The Sneaky Chef: Simple Strategies for Hiding Healthy Foods in Kids' Favorite Meals
By Missy Chase Lapine
Running Press (2007)
Reviewed by Sarah Krieger, MPH, RD, LD/N
The Sneaky Chef claims to transform the way America feeds its children by adding fruit and vegetable purees to common foods children enjoy, such as cauliflower and zucchini mixed into boxed macaroni and cheese, spinach and blueberries in brownies and sweet potatoes and carrots into spaghetti sauce.
Synopsis of the Diet Plan
Lapine became a "Sneaky Chef" when one of her daughters refused to eat anything other than pasta with butter and white bread, so she started sneaking in food purees as a last resort to get her children to eat more nutritious foods. The book begins with three chapters on why American children are picky eaters, why we should sneak fruit and vegetable purees into their foods and the author's philosophy on food and how to feed children. The fourth chapter introduces the reader to the practical portion of the book, including lists of the sneaky foods, staples to buy (specific small appliances the author recommends) and which foods are more likely to be accepted and refused by children. Chapter Five explains 13 methods of being a sneaky chef (ranging from "Using Foods That Hide Well" to "Cut the Effects of Toxins or Fats by Diluting the Ingredients with Something Healthier") and discusses health benefits associated with each method. Each recipe also contains the highlighted "sneaky ingredient" and nutrition benefits.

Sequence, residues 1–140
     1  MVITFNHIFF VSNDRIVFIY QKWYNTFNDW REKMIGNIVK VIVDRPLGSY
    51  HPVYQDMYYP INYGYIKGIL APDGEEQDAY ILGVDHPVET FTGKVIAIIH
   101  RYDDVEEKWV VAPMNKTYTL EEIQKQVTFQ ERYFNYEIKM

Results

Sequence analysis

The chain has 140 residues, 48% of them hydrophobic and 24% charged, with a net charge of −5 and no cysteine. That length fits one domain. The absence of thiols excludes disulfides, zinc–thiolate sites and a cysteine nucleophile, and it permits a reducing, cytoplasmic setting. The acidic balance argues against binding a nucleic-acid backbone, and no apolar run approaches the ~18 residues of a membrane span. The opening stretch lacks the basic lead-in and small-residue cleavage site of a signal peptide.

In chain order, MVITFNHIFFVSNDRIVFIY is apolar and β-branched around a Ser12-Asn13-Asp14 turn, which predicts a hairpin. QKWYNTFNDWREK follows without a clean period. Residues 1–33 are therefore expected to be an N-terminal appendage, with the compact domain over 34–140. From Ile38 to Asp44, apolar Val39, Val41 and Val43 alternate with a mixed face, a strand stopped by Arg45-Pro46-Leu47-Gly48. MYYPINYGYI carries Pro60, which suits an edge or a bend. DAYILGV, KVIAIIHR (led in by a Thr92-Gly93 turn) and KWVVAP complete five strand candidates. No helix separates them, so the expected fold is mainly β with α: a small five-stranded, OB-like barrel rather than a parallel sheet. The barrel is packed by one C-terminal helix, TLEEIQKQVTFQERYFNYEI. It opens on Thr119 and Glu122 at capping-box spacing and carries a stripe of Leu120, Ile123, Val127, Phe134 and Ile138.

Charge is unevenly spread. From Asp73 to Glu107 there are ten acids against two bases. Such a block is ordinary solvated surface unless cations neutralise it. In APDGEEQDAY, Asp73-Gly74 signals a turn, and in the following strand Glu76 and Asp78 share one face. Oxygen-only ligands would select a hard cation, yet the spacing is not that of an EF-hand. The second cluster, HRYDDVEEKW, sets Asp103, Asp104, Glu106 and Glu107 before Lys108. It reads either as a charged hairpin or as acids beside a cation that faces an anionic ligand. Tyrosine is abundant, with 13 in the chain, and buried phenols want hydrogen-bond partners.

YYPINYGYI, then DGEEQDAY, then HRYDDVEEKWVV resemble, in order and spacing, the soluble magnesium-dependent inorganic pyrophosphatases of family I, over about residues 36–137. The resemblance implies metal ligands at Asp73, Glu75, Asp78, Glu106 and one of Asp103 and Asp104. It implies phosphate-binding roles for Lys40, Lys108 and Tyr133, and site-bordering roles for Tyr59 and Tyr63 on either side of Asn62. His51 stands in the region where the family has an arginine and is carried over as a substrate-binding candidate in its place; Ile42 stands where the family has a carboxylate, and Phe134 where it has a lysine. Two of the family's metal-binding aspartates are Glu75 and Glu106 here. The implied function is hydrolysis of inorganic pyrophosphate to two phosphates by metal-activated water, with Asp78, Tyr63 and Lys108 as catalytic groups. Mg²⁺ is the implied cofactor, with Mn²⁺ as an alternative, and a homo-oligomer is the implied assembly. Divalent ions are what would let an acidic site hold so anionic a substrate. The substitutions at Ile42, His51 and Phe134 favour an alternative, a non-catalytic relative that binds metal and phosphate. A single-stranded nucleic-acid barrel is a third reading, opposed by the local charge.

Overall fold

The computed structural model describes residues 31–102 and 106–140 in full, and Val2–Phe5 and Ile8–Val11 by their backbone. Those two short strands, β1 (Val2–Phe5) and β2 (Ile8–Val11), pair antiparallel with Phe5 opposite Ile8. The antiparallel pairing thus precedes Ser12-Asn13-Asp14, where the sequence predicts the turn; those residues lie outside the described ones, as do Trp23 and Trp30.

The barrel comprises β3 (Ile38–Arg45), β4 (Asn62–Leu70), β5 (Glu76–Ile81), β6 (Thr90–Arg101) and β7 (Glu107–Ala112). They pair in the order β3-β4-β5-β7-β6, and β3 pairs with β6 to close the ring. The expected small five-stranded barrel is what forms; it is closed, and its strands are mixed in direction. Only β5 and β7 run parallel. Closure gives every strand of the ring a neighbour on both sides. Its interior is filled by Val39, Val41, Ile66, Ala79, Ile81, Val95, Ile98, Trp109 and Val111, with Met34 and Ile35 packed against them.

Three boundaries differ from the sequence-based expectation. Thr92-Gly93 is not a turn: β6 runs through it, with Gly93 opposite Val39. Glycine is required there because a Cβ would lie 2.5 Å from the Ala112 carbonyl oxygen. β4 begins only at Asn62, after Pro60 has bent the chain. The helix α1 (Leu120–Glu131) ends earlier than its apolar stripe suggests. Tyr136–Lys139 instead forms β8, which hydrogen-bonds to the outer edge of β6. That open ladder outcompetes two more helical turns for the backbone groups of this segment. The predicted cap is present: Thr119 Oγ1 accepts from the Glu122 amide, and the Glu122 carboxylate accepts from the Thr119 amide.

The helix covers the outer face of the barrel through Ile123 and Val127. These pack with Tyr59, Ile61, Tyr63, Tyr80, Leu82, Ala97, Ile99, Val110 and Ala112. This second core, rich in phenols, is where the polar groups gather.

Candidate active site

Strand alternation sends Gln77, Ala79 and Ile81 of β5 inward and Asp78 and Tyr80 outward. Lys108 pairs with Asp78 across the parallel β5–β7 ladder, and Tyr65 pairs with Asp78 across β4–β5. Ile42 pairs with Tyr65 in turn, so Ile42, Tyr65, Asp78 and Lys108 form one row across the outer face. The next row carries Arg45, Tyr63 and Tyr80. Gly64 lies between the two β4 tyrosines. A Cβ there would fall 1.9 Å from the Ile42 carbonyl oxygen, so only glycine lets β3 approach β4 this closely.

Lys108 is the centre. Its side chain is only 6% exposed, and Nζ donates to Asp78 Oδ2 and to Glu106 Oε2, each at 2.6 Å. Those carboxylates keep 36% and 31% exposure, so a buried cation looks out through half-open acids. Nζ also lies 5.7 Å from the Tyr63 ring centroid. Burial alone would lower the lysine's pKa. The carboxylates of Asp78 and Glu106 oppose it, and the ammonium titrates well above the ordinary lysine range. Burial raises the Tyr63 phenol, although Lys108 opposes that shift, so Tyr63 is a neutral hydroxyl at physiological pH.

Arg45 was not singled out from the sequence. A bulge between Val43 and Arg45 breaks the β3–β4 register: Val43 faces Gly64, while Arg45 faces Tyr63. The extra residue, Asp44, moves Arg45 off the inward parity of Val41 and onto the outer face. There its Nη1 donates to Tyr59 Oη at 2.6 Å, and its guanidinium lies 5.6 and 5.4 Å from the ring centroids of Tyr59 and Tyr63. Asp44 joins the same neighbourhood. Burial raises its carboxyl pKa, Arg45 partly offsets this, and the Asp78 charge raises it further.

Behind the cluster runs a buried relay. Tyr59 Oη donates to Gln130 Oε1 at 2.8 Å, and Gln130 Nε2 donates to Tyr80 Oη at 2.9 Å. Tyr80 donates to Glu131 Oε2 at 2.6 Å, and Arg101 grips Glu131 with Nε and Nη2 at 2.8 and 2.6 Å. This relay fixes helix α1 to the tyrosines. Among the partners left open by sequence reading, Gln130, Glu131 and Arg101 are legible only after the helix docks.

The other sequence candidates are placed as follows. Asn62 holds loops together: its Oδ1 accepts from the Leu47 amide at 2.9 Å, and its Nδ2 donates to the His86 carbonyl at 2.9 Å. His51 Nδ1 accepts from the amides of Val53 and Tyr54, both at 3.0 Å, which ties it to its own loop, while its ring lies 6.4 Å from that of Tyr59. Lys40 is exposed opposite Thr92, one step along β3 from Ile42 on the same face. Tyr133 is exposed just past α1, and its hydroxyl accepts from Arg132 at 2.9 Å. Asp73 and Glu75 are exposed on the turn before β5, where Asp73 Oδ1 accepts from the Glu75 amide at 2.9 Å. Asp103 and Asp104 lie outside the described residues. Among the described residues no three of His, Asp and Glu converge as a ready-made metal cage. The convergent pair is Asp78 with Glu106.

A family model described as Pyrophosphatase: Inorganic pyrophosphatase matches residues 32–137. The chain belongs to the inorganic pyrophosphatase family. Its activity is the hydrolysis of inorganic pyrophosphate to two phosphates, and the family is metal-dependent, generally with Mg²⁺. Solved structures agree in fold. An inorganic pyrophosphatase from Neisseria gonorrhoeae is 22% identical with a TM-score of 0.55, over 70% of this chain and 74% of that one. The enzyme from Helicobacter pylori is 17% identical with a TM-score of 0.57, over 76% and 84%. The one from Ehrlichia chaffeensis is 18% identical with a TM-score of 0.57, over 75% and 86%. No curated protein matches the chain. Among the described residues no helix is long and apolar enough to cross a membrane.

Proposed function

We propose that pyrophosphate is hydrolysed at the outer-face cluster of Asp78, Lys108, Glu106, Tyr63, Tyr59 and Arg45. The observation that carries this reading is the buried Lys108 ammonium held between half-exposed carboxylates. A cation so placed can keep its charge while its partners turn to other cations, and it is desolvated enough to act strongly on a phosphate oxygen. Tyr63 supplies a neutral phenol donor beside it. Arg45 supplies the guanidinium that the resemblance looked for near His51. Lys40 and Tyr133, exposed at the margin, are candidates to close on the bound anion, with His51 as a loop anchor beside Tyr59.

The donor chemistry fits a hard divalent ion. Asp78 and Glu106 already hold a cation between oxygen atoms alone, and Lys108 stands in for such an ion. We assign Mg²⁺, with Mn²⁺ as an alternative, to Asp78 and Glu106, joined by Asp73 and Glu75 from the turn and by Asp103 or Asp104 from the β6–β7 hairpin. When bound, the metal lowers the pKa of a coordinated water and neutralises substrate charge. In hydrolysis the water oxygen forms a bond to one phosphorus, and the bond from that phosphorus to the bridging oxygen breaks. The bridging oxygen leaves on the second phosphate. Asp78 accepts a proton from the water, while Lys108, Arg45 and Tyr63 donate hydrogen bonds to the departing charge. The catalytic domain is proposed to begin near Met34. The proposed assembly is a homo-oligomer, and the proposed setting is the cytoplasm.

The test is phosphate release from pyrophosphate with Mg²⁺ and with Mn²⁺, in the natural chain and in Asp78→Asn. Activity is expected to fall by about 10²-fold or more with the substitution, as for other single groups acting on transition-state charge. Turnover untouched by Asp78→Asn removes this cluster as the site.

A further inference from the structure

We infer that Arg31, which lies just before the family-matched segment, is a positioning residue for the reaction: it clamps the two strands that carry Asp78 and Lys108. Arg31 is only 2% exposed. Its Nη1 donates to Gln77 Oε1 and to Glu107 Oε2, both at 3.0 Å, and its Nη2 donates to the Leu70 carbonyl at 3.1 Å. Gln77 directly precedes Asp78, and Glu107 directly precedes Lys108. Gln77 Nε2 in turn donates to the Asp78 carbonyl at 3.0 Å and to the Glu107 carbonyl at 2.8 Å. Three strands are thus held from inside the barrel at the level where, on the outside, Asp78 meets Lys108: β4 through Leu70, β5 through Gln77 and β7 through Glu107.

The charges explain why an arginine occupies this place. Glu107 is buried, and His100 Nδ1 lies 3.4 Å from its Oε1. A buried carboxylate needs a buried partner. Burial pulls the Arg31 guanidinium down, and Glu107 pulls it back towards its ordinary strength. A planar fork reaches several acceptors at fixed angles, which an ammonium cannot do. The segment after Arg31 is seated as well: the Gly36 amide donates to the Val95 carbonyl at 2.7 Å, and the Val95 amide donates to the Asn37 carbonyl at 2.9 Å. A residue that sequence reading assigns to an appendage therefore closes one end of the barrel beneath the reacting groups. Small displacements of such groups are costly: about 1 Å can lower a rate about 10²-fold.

Nutritional Pros and Cons
While the author does quote a few scientific studies relating to childhood nutrition, the book is based largely on the author's own experiences with her two children. Nutrition Facts are not provided for the recipes, which is disappointing, but highlights such as "Vegetables, protein, calcium and fiber" or "Rich in vitamins A, C and K" are listed at the top of each recipe.
This book could be a useful cookbook option for families who would like to offer different foods in a familiar way. However, sneaking is not the only way to introduce fruits, vegetables and grains into children's diets. Eating a variety of foods and keeping nutritious foods on the menu in a variety of forms should be continuous from infancy through adulthood.